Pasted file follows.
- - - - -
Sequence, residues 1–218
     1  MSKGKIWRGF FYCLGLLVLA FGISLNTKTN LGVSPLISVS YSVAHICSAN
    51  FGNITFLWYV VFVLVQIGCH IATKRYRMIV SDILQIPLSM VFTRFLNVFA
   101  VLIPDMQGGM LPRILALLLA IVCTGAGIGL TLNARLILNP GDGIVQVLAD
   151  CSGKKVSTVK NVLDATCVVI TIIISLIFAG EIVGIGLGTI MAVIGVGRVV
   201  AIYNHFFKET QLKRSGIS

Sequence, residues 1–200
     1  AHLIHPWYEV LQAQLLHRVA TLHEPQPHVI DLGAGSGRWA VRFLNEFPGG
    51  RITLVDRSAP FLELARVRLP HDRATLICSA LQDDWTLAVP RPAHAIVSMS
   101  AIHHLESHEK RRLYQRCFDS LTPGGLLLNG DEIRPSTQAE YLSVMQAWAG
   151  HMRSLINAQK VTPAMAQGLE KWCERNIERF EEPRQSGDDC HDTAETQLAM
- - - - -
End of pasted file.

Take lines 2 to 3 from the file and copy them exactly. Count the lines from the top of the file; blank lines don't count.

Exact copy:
     1  MSKGKIWRGF FYCLGLLVLA FGISLNTKTN LGVSPLISVS YSVAHICSAN
    51  FGNITFLWYV VFVLVQIGCH IATKRYRMIV SDILQIPLSM VFTRFLNVFA